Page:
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HID-compliant Auxiliary LCD Display for PC

This project allows an Arduino board with USB capabilities and connected LCD screen to act as a HID-compliant Auxiliary Display for your PC

This project allows to connect a small text LCD display to the host PC using the standard HID-compliant protocol over the USB, and print a processed output of any shell command, that can be executed on the host PC. The text on the LCD screen you see on the photo has been combined from the output of 2 shell commands (I’m using Linux host):

date “+%d%m%y %T”


sensors -u | grep —no-messages -A 3 coretemp-isa | grep temp1_input | awk ‘{print $2}’ | awk ‘{printf(“%d\n”,$1 + 0.5);}’

The commands are configurable so the output can be anything, including but not limited to CPU temp, GPU temp, available RAM, CPU load, FAN speed, current date/time etc. There is no limitation on which commands can be used - basically anything that you can type in the terminal and get some output, can be displayed on the LCD.

Let me share some background why I started this project. My initial need was to add a small LCD monitor to my home theater PC, which is also used as a gaming rig and an AI training device since it has 2 powerful GPU on board. Sometimes CPU and GPU were getting pretty hot so I wanted to have a small display on the box itself showing its temperature and other parameters continuously.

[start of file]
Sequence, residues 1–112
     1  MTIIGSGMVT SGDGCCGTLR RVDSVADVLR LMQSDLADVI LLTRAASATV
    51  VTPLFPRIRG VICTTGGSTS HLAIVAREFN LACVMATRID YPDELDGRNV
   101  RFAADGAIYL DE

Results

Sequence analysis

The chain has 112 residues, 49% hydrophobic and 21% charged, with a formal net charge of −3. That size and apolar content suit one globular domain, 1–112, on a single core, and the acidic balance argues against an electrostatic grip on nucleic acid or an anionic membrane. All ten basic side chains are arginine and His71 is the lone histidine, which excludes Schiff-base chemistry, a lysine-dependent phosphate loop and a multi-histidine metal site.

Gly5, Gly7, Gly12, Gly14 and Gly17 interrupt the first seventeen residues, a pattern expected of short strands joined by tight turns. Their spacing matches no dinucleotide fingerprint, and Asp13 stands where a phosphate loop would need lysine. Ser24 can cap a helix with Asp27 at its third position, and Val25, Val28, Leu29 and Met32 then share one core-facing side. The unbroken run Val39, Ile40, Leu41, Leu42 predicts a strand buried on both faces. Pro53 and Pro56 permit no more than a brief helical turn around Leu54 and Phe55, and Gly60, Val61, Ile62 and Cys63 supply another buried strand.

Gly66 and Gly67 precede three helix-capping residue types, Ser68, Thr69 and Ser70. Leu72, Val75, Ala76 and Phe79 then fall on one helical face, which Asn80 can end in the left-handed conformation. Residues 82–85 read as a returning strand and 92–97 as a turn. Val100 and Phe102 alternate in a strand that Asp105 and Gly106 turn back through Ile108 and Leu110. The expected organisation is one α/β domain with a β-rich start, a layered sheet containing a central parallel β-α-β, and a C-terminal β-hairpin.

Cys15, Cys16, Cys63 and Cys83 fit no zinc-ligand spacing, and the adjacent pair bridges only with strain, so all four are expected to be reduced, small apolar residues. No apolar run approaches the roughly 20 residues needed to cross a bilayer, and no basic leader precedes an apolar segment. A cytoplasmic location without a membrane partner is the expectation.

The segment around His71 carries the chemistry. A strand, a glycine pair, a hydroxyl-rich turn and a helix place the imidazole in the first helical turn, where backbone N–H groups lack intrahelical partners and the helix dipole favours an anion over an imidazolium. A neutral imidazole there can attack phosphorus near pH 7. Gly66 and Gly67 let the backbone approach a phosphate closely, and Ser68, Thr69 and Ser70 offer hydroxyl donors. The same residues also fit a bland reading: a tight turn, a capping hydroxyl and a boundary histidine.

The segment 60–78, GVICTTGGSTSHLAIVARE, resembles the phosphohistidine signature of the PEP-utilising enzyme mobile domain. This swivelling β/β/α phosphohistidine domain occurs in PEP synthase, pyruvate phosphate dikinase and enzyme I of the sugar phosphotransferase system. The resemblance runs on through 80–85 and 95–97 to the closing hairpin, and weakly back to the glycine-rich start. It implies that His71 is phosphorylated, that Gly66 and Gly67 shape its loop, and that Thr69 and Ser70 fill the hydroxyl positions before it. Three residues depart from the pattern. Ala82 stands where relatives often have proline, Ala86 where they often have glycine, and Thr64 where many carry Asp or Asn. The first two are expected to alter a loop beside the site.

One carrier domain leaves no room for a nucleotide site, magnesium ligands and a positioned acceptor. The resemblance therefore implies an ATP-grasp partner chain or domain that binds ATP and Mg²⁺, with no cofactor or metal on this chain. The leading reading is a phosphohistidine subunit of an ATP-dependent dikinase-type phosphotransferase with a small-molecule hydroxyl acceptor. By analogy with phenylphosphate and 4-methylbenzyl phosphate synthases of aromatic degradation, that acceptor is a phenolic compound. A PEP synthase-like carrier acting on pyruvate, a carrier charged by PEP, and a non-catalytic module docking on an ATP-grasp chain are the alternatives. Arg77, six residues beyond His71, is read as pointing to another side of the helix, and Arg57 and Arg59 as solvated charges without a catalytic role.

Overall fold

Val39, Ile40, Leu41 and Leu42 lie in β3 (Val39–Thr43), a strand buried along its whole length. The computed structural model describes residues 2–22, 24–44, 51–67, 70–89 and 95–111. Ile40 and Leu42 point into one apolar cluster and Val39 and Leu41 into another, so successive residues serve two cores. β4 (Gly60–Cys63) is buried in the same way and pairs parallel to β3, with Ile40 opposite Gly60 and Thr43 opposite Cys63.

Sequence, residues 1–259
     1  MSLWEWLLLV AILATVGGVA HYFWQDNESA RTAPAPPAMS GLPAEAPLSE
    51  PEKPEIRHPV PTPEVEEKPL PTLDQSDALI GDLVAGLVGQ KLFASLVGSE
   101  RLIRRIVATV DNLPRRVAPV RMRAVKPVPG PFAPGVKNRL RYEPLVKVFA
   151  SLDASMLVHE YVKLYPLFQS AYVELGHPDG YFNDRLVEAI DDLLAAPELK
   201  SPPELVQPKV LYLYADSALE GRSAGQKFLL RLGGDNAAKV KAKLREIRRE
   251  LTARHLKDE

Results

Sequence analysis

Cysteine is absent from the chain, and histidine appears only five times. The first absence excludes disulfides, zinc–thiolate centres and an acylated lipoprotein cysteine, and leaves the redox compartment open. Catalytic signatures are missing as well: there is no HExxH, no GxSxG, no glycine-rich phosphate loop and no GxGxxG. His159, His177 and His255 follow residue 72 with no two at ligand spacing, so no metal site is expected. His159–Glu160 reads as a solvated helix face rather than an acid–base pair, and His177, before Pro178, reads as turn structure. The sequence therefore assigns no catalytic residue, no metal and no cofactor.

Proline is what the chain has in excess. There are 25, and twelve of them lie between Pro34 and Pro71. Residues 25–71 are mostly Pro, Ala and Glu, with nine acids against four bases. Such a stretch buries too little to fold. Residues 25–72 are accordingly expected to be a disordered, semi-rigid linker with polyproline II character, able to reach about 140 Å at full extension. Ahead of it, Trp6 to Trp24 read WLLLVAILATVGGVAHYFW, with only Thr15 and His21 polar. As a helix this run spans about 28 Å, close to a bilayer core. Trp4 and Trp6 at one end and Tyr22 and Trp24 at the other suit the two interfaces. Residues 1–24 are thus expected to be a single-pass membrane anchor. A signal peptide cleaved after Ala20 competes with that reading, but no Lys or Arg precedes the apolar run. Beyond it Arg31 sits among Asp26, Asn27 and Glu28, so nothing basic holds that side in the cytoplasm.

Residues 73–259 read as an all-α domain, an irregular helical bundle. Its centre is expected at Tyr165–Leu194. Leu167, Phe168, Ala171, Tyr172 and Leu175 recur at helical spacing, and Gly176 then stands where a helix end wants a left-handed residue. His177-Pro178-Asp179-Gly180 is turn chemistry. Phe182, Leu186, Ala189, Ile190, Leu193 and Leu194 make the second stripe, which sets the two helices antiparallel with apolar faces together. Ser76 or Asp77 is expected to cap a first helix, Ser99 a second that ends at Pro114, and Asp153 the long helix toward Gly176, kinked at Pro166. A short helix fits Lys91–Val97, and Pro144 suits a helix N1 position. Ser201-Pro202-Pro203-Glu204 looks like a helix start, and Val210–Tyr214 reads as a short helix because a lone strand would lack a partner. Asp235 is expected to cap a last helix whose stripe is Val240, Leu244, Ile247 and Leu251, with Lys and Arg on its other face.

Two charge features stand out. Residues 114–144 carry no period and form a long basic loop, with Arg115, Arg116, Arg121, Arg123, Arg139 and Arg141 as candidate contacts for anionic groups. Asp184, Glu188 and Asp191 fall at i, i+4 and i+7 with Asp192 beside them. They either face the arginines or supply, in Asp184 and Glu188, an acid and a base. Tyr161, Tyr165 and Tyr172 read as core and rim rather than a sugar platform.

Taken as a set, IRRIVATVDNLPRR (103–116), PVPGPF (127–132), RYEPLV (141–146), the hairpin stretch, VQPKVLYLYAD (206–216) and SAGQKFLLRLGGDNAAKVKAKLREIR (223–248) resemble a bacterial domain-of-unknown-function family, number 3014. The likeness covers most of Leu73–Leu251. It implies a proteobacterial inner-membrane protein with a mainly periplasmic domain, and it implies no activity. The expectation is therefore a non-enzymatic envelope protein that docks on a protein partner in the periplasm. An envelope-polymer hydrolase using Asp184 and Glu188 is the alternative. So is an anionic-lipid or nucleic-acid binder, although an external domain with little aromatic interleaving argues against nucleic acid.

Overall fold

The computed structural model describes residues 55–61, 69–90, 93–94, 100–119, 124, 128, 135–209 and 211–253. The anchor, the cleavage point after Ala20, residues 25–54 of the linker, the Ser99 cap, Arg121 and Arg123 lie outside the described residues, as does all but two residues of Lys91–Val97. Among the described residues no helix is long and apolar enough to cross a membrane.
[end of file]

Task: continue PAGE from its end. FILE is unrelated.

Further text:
I came across one project here on Project Hub, which did the CPU/GPU temp monitoring however I did not like the fact that it is using a virtual serial port for communication between the Arduino board and the host PC. This approach may work ok, however it does not utilize the benefits of USB protocol and does not support plug-and-play. So I decided to develop my own solution, which is further exploring the idea of connecting different devices to the PC using the standard HID protocol. Another requirement was to make the solution configurable so that the displayed information is not limited to a predefined set of monitored parameters.

Long story short, I bought a 16x02 display and started my experiments. Connecting LCD to Arduino was easy so I’m not going to repeat it here. You can find lots of articles considering it in details - for example, this one. I used the schematic diagram from there but had to adjust the pins since I’m using Arduino Pro Micro.”

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